James, what’s your verdict on the TF109?

    [Reply]

    James Allen Reply:

    A bit erratic. Compare its performance at Bahrain with Monaco. But quite good as a test car for the benchmark tracks. Engine was one of the least powerful

    [Reply]


  5.   5. Posted By: Rafael
        Date: August 17th, 2010 @ 2:34 pm 

    I honestly think Nick Heidfeld deserves a second chance in F1… In fact, I firmly believe he should have been racing this year! He may not have been Kimi quick or so, but his speed – in my opinion – is in the same level as that of David Coulthard’s, Giancarlo Fisichella’s and Jenson Button’s to name a few: not always devastatingly quick but definitely consistent and reliable.

    As for him suddenly finding an extra bout of speed after Kubica’s arrival, I think it served as a wake-up call. Since 2002, he seems to have been lost and not totally focused (even during his stint at BMW Williams where he was able to match Webber). Perhaps he let McLaren-Mercedes’ decision of hiring Kimi Raikkonen over him at the end of ’01 affect him too much? He did express quite a lot of disappointment at the time after all and maybe he carried it over the years.

    I certainly hope he gets a competitive drive next year. And although I wish him the best, I don’t think this gig with Pirelli will help very much. It’s one thing to test, but it’s another thing to race. I certainly hope the FIA would revert back to the old system and allow more testing next year – both pre-season and in-season (perhaps limit it to 15 or 20 days during the season and at just one circuit, Paul Ricard?). That way drivers can race and at the same time refine their driving styles and cars on non-race weekends. Should this happen, it will certainly help potential returnees, like Nick, regain their form.

    [Reply]

    Paul Kirk Reply:

    Or Schumaker, Rafa.
    PK.

    [Reply]

    Werewolf Reply:

    I agree that Heidfeld has sometimes been under-rated and is probably as good, at least latterly, as Fisichella or even Coulthard but Button is much misunderstood in my view; although I cannot defend him from the criticism of being unable to consistently over-achieve in a mediocre car when his particular gifts do not provide the solution.

    As for Heidfeld’s future employability, knowledge is power; and in a (fascinatingly) paranoid meritocracy like F1, any perceived advantage is amplified. For him, a test drive with a future-pointing company such as Pirelli, even in a hack of a car (sorry, it’s yesterday’s rules) has to be a better bet than a nominal reserve but (given the options in all truth hopefully) actual non-drive with a current team.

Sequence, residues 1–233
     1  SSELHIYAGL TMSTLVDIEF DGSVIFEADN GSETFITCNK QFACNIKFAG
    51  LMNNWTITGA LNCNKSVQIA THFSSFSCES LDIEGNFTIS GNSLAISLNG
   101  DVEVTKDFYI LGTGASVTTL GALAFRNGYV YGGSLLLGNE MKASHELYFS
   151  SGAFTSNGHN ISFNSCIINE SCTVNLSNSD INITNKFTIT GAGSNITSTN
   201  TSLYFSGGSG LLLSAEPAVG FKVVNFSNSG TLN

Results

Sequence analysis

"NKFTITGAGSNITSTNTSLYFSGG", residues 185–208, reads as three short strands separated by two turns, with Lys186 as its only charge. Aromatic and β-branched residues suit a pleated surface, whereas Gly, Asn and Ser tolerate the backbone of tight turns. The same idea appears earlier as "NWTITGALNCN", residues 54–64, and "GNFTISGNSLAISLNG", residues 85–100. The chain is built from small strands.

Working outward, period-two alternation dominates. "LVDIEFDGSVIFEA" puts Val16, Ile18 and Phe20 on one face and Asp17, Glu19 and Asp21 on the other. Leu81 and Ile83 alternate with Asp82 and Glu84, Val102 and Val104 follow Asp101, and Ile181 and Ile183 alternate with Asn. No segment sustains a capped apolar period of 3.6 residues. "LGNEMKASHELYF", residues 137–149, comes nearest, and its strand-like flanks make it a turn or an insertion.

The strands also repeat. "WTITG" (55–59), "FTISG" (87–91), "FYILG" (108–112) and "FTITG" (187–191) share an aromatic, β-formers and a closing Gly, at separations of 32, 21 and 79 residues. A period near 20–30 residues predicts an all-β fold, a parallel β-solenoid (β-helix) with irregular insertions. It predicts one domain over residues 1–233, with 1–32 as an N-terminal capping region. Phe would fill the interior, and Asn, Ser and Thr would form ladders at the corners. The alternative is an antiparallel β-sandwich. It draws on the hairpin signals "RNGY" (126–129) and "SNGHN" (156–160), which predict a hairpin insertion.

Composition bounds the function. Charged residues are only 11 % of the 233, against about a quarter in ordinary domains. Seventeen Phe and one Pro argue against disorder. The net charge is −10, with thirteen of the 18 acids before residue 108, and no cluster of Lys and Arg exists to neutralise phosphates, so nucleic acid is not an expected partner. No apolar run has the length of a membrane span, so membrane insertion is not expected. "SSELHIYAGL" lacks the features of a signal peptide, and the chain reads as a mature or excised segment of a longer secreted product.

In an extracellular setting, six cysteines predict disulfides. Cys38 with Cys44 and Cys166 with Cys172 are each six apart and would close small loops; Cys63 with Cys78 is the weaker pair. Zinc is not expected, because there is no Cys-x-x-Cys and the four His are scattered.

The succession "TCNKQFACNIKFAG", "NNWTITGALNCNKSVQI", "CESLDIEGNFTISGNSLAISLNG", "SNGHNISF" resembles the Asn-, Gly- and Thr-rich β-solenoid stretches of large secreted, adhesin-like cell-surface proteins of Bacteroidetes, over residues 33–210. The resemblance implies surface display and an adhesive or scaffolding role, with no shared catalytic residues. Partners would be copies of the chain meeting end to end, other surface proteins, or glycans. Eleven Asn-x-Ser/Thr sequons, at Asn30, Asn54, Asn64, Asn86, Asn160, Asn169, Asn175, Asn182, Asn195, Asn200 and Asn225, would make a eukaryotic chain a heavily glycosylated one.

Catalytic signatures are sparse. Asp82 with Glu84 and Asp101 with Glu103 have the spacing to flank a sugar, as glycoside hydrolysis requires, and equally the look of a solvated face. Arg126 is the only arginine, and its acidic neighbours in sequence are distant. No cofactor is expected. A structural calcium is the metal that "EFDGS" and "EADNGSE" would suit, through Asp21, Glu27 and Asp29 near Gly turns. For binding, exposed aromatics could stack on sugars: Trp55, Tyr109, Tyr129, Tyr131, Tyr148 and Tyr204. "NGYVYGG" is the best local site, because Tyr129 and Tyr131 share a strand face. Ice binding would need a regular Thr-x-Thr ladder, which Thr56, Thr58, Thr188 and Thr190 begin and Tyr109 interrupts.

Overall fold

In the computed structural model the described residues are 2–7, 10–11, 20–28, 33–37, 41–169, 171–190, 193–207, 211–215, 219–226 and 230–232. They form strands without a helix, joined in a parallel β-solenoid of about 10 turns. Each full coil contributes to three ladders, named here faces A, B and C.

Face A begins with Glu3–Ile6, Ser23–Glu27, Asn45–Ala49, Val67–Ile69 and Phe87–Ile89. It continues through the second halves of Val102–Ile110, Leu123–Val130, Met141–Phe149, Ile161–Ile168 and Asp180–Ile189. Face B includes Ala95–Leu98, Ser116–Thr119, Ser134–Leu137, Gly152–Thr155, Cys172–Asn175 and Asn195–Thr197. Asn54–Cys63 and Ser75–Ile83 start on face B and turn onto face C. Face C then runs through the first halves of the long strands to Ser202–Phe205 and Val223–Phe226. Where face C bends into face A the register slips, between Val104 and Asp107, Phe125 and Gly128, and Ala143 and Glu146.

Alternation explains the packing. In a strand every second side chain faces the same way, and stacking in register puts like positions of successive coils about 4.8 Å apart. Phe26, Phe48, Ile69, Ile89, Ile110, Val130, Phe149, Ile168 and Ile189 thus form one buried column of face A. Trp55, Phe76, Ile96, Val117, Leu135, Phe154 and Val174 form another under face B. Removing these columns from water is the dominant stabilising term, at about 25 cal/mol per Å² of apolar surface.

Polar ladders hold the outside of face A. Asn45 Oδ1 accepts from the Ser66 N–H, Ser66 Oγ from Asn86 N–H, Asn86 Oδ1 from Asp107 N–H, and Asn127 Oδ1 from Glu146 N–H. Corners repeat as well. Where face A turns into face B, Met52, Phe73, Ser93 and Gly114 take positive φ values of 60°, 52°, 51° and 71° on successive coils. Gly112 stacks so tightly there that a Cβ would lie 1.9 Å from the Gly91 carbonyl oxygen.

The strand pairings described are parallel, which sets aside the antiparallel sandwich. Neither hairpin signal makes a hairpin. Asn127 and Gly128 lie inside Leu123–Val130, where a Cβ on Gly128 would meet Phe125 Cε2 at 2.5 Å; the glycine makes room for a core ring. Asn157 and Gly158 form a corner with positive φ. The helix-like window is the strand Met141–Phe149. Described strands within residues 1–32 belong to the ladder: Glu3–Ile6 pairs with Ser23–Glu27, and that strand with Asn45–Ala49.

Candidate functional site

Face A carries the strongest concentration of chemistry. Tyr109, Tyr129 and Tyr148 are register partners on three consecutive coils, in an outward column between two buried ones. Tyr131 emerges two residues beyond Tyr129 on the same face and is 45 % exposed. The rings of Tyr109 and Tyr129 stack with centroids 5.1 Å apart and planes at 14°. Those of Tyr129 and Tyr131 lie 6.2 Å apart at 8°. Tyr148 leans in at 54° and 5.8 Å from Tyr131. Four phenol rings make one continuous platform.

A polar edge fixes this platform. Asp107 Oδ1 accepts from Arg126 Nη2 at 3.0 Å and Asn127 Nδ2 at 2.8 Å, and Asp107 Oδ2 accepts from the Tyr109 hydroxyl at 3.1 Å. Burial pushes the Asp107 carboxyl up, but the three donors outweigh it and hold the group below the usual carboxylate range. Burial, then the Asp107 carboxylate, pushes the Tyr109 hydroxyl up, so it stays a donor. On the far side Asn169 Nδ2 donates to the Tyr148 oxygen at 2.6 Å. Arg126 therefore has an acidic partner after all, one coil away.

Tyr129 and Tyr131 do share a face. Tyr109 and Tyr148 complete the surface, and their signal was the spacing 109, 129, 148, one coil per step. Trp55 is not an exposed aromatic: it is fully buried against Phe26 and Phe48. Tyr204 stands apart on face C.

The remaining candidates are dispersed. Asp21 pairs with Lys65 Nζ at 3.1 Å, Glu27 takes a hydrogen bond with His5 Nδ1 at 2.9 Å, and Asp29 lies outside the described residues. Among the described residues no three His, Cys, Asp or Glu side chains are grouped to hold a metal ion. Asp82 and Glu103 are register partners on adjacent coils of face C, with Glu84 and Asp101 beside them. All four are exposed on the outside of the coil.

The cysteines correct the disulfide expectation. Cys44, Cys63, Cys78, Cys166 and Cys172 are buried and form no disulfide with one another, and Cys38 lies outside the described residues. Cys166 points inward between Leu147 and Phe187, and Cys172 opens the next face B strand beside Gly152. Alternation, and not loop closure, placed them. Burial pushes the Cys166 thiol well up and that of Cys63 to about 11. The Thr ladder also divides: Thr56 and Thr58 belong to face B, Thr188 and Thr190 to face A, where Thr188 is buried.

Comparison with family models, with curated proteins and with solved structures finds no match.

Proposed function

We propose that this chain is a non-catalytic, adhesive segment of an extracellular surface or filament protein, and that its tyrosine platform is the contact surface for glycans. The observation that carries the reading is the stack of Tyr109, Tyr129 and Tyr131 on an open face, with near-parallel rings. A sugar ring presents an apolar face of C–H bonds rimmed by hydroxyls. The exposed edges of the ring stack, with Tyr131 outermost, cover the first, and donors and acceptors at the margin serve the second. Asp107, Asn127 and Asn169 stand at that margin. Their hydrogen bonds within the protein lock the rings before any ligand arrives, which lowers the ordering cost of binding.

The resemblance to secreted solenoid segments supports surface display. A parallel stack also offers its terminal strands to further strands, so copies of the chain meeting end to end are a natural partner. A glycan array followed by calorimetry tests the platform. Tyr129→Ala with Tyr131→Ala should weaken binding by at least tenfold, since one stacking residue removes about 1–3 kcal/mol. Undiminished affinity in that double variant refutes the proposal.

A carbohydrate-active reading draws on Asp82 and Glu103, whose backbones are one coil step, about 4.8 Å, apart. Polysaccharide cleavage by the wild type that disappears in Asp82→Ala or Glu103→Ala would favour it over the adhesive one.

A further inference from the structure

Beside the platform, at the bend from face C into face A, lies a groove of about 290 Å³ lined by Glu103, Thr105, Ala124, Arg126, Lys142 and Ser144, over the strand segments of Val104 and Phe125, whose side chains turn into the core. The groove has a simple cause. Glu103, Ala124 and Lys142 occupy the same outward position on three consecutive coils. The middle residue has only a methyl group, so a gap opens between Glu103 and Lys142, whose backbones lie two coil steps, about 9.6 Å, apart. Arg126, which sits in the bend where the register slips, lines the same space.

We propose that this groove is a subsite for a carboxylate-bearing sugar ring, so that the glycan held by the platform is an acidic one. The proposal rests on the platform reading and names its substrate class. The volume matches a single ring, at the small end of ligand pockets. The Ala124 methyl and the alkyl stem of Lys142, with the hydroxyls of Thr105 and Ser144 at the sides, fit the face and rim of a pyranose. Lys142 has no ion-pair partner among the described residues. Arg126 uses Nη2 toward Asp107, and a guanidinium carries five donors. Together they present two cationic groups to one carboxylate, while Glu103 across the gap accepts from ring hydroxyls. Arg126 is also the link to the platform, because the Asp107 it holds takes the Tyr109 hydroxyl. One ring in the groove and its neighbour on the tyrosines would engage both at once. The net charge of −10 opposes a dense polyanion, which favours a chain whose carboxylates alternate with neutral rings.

Mercedes was a reasonable gamble on the basis Schumacher may have returned for a single year but as that seems increasingly unlikely, whatever the merits, another route back into F1 needs to be explored.

    [Reply]


  6.   6. Posted By: kent
        Date: August 17th, 2010 @ 2:52 pm 

    james do you really think nick was just goofing off at bmw before kubica, or the car or his setup just got better about that time? doesnt seem like a professional driver would do that. thanks

    [Reply]


  7.   7. Posted By: Kate
        Date: August 17th, 2010 @ 3:00 pm 

    Isn’t it the 2009 Toyota being used?

    Nick is a good driver and clearly deserves an F1 seat, but if he doesn’t get one for 2011, I fear it may be over for him. I think his best chance might be Force India if Sutil goes to Renault (Liuzzi being replaced by Paul di Resta). I can’t see him pairing up with Kubica again, and other teams with free spaces would want sponsorship.

    Nick’s problem was for most of his career he was just too quietly efficient, getting the job done without drawing attention to himself. There were undoubtedly some very impressive performances , but for some reason they just never wowed many people. Was it his understated nature which was the cause for this? And then the year BMW came good (2008), it was Kubica who shone.

    Its a shame that he was so close to getting a decent car this year. It would have been nice to see him break Webber’s record of most races before a first win. But even if he does get back to F1, I now suspect that will now never happen.

    [Reply]

    James Allen Reply:

    My mistake, it’s the 2009, not 2010 car

    [Reply]


  8.   8. Posted By: Gord